From “Crash Landing On You” to “Squid Game”, the K-drama craze has spread to Africa

K-dramas have emerged as hip content worldwide via global OTT platforms and expanded its popularity beyond Asia and Europe.

As the global streaming giant Netflix launched a new market by providing free services in Kenya, Africa in 2021, famous French newspaper Le Monde recently reported that Africa also could not resist the K-drama craze.

In November of last year, a dance video with the concept of “Squid Game” was uploaded on the YouTube channel ‘Masaka Kids Afrikana’ and attracted great attention.

The video of African children dancing while recreating the scene of the “Red Light, Green Light” game in “Squid Game” recorded a huge number of views and was widely reported by the local media.

Earlier this year, “Business Proposal” starring Kim Se Jeong and Ahn Hyo Seop, and “My Name” led by Han So Hee, surprisingly entered the TOP 10 viewership ratings in Egypt, Kenya, Nigeria, and Mauritius.

According to the Korea Creative Content Agency, the “Red Light, Green Light” game from “Squid Game” gained popularity and went viral through YouTube and TikTok in countries including Cameroon, Nigeria, Ivory Coast, and Congo.

Crash Landing on You,” starring Hyun Bin and Son Ye Jin, who are now married, has also been released through Netflix Africa and is loved by locals. These series recorded five or more higher ratings than other Netflix contents available in South Africa, proving the impact of K-dramas regardless of location.

It is not surprising that the K-drama craze has expanded to Africa. The storytelling and visual elements of K-dramas, such as romantic scenarios, sensational scenes, soft lighting and lively colors, serve as contributors to exports,” said a reporter for KSociety, a magazine specializing in the Hallyu wave.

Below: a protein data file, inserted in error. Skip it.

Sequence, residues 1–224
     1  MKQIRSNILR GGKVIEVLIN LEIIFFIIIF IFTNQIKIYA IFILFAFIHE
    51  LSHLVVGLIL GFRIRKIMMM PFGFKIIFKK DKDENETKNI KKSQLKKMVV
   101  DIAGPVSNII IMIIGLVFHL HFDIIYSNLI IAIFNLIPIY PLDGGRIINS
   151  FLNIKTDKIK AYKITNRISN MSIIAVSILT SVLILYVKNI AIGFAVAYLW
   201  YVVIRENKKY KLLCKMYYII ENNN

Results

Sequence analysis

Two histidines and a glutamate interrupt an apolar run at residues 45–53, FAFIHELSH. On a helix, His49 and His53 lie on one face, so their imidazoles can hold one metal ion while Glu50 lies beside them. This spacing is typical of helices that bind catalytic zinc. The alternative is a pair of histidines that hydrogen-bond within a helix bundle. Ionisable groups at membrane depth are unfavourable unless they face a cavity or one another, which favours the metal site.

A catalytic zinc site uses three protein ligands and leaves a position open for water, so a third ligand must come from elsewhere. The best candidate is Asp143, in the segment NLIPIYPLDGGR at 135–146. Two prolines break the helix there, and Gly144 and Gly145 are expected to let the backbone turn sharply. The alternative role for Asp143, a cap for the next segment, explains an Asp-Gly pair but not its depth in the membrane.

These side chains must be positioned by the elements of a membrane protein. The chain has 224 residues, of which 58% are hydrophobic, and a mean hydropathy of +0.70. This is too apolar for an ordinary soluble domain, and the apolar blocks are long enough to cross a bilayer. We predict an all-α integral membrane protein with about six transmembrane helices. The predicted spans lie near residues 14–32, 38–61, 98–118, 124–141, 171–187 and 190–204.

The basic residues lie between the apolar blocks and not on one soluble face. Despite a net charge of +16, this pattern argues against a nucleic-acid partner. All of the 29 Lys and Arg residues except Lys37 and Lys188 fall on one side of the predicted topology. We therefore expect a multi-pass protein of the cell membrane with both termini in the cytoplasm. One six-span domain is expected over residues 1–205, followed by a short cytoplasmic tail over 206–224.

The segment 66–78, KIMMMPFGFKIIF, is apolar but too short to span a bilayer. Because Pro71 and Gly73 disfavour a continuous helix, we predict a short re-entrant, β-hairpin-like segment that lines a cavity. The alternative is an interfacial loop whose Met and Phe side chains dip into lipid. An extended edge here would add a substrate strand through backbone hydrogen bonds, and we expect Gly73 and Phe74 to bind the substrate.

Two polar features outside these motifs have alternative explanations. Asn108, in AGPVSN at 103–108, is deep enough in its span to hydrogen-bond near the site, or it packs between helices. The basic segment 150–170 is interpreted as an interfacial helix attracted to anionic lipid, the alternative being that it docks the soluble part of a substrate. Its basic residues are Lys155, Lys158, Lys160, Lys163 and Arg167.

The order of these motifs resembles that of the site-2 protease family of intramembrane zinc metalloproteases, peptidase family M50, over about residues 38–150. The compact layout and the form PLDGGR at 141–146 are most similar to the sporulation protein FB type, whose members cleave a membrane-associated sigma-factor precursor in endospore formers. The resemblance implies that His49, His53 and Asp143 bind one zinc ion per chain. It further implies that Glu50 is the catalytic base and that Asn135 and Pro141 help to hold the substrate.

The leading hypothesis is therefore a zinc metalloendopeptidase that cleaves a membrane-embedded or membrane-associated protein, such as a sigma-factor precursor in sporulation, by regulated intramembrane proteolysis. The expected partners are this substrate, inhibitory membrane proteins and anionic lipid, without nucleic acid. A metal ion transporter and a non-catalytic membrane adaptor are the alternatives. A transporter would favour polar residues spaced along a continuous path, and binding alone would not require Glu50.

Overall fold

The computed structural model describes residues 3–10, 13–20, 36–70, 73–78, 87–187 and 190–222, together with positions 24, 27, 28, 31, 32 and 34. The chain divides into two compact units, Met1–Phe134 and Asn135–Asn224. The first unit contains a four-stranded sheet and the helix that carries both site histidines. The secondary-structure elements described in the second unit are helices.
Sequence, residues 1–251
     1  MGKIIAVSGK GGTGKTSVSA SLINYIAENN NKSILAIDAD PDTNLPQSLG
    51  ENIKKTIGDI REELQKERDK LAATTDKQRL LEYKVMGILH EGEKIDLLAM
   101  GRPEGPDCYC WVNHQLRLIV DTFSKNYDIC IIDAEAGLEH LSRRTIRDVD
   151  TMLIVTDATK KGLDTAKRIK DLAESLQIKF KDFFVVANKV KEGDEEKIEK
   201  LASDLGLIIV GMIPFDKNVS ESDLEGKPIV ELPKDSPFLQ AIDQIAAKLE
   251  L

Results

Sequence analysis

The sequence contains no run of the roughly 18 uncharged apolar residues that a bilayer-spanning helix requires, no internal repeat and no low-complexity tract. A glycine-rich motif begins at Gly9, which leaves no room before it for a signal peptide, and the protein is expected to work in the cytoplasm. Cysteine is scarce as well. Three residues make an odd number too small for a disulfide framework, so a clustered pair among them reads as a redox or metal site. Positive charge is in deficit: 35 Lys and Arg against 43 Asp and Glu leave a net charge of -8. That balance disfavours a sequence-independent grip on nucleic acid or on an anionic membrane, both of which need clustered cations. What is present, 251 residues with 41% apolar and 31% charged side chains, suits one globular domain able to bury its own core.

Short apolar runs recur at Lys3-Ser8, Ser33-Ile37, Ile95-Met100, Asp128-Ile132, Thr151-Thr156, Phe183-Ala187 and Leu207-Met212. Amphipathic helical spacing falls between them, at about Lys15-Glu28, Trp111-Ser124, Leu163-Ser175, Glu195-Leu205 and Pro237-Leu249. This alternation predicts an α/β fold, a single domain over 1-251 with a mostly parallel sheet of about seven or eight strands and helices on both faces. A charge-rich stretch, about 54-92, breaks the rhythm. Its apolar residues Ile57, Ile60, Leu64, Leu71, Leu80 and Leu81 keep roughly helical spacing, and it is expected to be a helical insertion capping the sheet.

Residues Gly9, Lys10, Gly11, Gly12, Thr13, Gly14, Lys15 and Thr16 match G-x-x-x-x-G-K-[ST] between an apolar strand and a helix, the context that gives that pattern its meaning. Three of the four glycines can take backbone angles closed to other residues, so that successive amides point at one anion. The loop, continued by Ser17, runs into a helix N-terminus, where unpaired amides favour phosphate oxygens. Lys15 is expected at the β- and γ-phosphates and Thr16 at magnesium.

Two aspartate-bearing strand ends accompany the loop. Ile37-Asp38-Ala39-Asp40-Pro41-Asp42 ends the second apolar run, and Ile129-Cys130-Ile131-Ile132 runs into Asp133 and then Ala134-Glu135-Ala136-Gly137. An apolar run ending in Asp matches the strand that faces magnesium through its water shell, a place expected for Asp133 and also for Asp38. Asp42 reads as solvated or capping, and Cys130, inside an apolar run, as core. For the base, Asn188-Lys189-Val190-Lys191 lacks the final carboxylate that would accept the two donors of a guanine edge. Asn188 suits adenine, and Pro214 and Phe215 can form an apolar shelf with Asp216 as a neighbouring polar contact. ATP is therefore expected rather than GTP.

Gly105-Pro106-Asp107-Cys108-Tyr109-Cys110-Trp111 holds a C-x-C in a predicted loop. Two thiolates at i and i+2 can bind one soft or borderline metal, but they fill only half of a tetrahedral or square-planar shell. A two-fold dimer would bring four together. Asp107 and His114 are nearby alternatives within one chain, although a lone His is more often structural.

The reporter explained, “Popular dramas are the backbone of K-dramas, and they are achieving high popularity in African countries, where telenovelas and feature-length soap operas are very popular.”

Unfortunately, the popularity of K-dramas is still limited to the privileged class. In Africa, where the gap between rich and poor is wide, K-dramas broadcast on major TV channels are limited and Netflix accessibility is ​​low.

Matthew Verbeguer, an expert on Korean pop culture, commented, “K-dramas are in the early stages of entering the African market. For continuous globalization, evolution such as eradication of racism is necessary.”

Meanwhile, according to the result of a survey done on 9 major Korean broadcasters released by the Korea Creative Content Agency in December 2020, 102 domestic broadcast formats achieved 204 exports to 65 countries around the world in the last decade. After 2016, the proportion of North America and Europe, including the US, UK, and France, which were almost barren, increased to 34%.


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